Shares in listed law firm Ince Group collapsed to their lowest-ever level yesterday after it said a £8.6m fund-raise was needed to ward off financial problems.
It revealed too that the ransomware attack suffered in March is estimated to have cost £5m, while longstanding chief executive Adrian Biles – who took the firm public in August 2017 – is to step down next month ahead of likely staff cuts.
An accelerated book-build today raised more than £7m from a share placement, while Ince is also taking out a £1.6m loan from its funding bank.
It told investors this morning: “Without the fund-raising, the group will face financial difficulties and the company will need to look to alternative sources of funding in the short term which may not be readily available or so advantageous to the group or its shareholders.”
The firm’s shares, which reached a peak of 191p in September 2018, have been on a downward trajectory since spring 2021, when they were around 80p, and the news today saw the price more than halve to just 5.4p.
The placing price is 5p and the shares being issued represent around 62% of the enlarged share capital.
Executive director Donald Brown, who is also chief executive of the recently acquired corporate adviser Arden Partners, bought almost £1m worth of shares and is to succeed Mr Biles as group chief executive next month, when the new shares are admitted. Mr Biles will also resign from the board.
Fellow Arden directors James Reed-Daunter and Christopher Yates bought £100,000 and £50,000 of shares respectively.
The net proceeds will be used to strengthen the group’s balance sheet, provide additional working capital and implement a “cost-rationalisation programme”.
Upon the draw-down of the loan in full, Ince will have total borrowings with its principal funding bank of £17m, comprising the loan, a term loan of £7.4m – which is repayable quarterly from September 2022 to March 2024 – and a credit facility of £8m.
Ince explained how Covid has impacted all of its offices, particularly in the UK and Asia, with cash lock-up levels especially high in the latter. It issued a profit warning in May, because of the additional impact of the Ukraine conflict on global shipping – a key market for the group – and the cyber-attack.
“The attack principally affected non-client data and internal systems, including a disruptive impact on billings in the final and very important weeks of FY22, with the recording of hours worked having to move to a manual process and the production of invoices by fee-earners being impossible for an extended period.
“Recovery from these disruptions was longer and slower than anticipated and the disruption to the group’s normal way of working has had a negative impact on both people and systems.”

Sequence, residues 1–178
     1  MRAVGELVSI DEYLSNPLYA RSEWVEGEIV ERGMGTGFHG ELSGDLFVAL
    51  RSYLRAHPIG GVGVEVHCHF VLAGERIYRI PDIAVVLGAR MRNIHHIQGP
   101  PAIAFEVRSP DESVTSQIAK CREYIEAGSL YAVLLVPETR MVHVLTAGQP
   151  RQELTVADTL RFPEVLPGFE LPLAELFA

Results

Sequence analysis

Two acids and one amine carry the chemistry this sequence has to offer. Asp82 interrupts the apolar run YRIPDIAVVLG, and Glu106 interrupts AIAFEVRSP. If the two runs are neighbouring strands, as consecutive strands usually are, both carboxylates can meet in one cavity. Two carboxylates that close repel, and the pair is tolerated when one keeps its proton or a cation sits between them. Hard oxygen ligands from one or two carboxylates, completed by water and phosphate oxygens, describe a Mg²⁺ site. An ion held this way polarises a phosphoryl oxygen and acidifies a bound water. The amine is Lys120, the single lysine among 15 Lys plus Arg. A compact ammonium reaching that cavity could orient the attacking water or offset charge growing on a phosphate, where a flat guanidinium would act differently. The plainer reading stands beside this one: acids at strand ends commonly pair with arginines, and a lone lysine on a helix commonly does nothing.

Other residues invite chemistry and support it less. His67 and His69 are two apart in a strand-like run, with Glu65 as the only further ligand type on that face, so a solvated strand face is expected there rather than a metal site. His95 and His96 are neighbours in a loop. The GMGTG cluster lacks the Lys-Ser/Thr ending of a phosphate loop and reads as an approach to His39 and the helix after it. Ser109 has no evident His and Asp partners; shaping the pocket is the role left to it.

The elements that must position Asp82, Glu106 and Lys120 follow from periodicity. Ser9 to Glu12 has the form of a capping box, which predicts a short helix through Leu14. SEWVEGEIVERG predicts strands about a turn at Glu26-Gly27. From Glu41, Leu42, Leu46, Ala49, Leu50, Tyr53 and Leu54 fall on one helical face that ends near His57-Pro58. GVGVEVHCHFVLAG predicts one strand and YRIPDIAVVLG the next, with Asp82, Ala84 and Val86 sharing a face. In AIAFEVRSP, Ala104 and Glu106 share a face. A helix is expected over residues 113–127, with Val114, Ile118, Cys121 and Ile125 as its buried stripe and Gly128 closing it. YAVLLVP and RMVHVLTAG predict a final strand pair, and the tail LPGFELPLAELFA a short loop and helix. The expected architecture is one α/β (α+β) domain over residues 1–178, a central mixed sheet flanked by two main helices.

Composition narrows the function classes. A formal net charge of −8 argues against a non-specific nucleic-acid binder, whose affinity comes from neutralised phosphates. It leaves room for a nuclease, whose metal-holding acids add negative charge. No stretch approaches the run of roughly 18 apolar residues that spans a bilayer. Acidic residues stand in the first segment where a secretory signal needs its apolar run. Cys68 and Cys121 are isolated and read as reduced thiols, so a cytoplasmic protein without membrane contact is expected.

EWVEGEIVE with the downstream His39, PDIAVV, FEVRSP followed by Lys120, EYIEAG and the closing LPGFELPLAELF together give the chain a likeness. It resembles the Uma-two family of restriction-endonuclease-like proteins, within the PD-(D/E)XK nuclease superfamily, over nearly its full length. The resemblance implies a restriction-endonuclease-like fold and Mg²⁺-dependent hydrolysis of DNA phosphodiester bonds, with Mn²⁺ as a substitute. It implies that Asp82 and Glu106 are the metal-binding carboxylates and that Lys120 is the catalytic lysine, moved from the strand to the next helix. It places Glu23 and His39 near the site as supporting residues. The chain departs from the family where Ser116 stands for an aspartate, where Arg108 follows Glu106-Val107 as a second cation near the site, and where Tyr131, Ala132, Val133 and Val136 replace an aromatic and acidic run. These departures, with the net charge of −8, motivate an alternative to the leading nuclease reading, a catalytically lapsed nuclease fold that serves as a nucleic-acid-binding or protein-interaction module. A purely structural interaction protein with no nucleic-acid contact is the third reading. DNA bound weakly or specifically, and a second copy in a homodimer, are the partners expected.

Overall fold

The systems have been substantially restored but the firm currently estimates that the cash impact was nearly £5m, for which it has submitted an initial insurance claim.
This should partially be covered by the group’s business interruption insurance cover of up to £2m, but management “estimate the claim could take up to 12 months to be processed and received”.
Ince has agreed with its bank that these funds will be used to repay the loan and part of the term loan.
“The cash impact of these events and their consequences mean that the group continues to operate at the limit of its borrowing facilities (and was unable to make a short-term repayment (‘clean down’ payment) on 31 May 2022) and short-term working capital has been negatively impacted.
“Therefore, the group is seeking to complete the fund-raising to support its short and medium-term working capital requirements and implement a cost rationalisation programme.”
The announcement said that, only top of recent annualised cost savings of £2.2m from property rationalisations, headcount reductions and reduced overheads – the firm was focused on delivering the £1m of “synergies” identified in the Arden acquisition and has identified further cost savings of £4m across the group which could be “accelerated with the proceeds of the fund-raising”.
These included “potential for a reduced overseas footprint, review and rationalisation of non-core business streams, further property rationalisation and headcount reductions and tighter control of overhead costs”.
More positively, the firm reported that revenues in the past two months have “progressively recovered to near 2021 levels” as activity levels picked up.
As part of the new funding deal, the firm’s bank has waived any breaches of covenants and other terms under the existing facilities agreement, including in respect of the clean-down payment due on 31 May 2022.